Shepherds field is located near Bethlehem, at the outskirts of the city. The city, whose name means "house of bread," was originally called Ephrath (Genesis 35:16; Ruth 4:11). It is located about five miles south of Jerusalem at an elevation of about 2,550 feet above sea level, making it 100 feet higher than Jerusalem.
Bethlehem's first mention in the Bible is in regard to the burial of Jacob's wife Rachel who died during labor (Genesis 35:19, 48:7). Bethlehem was also the birthplace of David and the location where he was anointed as king by the prophet Samuel (1Samuel 16:4-13).
It was at this field where shepherds watched over their flocks that the first annoucement of Jesus' birth was made to the world:
"Now there were in the same country shepherds living out in the fields, keeping watch over their flock by night.
"And behold, an angel of the Lord stood before them, and the glory of the Lord shone around them, and they were greatly afraid. Then the angel said to them, 'Do not be afraid, for behold, I bring you good tidings of great joy which will be to all people. For there is born to you this day in the city of David a Savior, who is Christ the Lord. And this will be the sign to you: You will find a Babe wrapped in swaddling cloths, lying in a manger.'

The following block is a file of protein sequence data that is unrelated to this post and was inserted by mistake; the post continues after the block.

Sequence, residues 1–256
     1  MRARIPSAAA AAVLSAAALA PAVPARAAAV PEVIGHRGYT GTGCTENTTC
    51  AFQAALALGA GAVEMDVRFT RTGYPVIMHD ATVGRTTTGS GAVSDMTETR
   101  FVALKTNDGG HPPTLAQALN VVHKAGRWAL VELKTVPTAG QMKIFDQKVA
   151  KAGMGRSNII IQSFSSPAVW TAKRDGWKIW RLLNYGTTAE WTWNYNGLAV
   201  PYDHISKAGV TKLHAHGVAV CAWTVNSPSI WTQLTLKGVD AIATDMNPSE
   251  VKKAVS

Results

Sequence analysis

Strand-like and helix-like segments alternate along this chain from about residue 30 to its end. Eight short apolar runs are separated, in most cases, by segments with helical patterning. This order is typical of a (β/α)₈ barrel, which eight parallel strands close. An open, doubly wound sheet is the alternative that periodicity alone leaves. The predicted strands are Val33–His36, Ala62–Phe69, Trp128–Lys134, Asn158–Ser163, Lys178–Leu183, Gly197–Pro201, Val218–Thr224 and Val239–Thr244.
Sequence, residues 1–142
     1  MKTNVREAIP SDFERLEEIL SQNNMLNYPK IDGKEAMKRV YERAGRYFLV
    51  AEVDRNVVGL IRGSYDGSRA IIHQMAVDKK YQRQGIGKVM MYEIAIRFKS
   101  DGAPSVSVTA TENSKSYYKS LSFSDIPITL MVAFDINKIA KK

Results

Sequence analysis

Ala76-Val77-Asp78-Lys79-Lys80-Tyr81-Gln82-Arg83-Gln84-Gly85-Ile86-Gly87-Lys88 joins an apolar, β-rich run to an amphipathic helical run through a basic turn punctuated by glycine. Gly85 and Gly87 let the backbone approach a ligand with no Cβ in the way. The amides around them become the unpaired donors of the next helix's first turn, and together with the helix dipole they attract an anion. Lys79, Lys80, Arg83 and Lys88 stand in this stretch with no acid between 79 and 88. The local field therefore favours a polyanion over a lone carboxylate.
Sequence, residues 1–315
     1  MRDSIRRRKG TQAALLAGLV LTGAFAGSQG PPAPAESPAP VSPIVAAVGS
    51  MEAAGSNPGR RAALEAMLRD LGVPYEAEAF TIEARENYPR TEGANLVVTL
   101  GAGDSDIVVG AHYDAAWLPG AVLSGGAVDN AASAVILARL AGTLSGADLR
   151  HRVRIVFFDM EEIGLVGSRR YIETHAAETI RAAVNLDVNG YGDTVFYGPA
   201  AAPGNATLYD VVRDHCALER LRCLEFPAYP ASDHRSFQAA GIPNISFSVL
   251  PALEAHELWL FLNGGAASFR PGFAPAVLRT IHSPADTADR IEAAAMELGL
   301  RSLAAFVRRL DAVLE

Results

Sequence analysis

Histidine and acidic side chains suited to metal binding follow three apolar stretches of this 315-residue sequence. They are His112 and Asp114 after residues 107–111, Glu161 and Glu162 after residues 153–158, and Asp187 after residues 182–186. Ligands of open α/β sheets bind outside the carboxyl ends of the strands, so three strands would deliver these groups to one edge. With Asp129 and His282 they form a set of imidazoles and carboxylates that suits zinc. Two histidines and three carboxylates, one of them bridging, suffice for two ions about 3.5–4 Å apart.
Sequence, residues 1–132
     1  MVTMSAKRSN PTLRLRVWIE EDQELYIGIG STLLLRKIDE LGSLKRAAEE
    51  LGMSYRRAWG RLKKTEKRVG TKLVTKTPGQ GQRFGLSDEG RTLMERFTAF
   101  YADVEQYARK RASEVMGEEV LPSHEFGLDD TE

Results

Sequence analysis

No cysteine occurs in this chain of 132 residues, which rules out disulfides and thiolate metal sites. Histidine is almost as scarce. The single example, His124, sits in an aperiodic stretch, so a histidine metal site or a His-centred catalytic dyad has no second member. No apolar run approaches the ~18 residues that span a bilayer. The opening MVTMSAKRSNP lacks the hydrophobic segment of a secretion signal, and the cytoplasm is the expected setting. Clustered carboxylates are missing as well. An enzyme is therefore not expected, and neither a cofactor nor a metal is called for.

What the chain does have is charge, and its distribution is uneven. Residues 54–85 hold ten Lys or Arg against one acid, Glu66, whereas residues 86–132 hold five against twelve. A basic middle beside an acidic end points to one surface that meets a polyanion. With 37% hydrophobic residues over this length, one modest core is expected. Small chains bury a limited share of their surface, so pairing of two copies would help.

"So it was, when the angels had gone away from them into heaven, that the shepherds said to one another, 'Let us now go to Bethlehem and see this thing that has come to pass, which the Lord has made known to us.'" (Luke 2:8-12, 15, NKJV)
The Online Etymology Dictionary states an interesting fact regarding the history of the English word shepherd. According to the dictionary, shepherds customarily were buried with a tuft of wool in their hand to prove their occupation on Judgment Day and be excused for often missing church.